Expert: Climate Change Played Role In 2012 Being Hottest Year on Record for U.S.

A Texas Tech University expert in climate change can discuss how last year’s warm trend is connected to global climate change.

Pitch

Marred by record-setting superstorms and drought, now scientists are calling 2012 the warmest year on record for the United States. A Texas Tech University expert in climate change can discuss how last year’s warm trend is connected to global climate change.

 

Expert

Katharine Hayhoe, director of the Climate Science Center at Texas Tech University,(806) 742-0015 or katharine.hayhoe@ttu.edu.

Talking Points

  • Natural variability and human-induced climate change play a role in setting records.
  • Continued dependence on fossil fuels will increase temperatures and risk of temperature extremes. Summers such as 2011 and 2012 could become more the norm than the exception.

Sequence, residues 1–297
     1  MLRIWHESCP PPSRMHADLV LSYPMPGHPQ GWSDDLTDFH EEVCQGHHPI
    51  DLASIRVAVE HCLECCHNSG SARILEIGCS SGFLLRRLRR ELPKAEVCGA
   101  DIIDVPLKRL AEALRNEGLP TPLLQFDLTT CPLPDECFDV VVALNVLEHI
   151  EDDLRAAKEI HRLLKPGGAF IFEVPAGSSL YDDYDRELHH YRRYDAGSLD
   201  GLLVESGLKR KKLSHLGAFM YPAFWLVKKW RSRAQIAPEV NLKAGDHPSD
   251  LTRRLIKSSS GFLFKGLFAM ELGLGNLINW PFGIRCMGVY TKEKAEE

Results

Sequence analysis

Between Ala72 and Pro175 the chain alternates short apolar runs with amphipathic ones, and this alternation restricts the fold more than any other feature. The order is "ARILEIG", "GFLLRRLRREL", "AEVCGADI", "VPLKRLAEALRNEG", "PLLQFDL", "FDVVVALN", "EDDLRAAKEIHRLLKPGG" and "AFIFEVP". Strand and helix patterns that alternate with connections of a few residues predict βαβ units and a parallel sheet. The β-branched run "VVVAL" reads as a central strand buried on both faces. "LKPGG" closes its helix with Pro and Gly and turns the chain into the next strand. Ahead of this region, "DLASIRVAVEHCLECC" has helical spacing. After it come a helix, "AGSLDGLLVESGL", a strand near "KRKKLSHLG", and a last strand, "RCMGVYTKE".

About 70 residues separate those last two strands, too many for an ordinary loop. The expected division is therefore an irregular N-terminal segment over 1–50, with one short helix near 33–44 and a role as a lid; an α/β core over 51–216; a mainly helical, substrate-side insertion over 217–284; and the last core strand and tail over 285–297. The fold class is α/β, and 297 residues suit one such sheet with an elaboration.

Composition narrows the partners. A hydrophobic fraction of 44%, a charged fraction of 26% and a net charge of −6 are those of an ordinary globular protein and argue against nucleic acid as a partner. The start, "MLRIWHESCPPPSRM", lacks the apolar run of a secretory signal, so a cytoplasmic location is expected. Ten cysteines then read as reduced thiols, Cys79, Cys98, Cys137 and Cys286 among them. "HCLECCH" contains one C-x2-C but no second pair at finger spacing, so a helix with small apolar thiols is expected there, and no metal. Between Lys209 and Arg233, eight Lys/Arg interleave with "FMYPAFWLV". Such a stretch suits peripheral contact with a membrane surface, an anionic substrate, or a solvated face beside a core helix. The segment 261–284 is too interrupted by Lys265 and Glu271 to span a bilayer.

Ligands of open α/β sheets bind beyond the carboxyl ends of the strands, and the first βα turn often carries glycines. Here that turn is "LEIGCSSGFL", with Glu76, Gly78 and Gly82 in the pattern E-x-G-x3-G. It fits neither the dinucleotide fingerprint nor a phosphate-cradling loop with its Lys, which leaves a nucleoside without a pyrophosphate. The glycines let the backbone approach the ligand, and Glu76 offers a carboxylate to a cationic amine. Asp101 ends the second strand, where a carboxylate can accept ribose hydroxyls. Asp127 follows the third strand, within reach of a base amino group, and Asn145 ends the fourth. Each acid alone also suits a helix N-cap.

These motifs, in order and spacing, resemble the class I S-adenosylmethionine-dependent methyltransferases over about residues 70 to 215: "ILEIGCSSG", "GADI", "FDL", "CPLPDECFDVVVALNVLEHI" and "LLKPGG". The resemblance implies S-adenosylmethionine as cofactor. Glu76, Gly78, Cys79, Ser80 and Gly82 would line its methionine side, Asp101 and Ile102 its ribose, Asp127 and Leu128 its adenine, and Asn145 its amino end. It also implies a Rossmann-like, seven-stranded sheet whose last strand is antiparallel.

Quotes

  • “Annual temperature here in the U.S. is affected by two different factors: natural variability and human-induced climate change. In record-setting years like this one, natural variability is acting to enhance the warming trend from human-induced climate change.”
  • “In other years, the two factors could act against each other. So we don't necessarily expect next year to be warmer than this one.”
  • “We do know, however, that if our carbon emissions continue to grow as they have over the last decade, at a rate of more than 3 percent each year, our climate will continue to change.”
  • “Years like this one will become more common and even recent record-setting temperatures, such as were set this year for the U.S. as a whole, and last year for the states of Texas and Oklahoma, will be broken in future decades if we continue on our current trajectory.”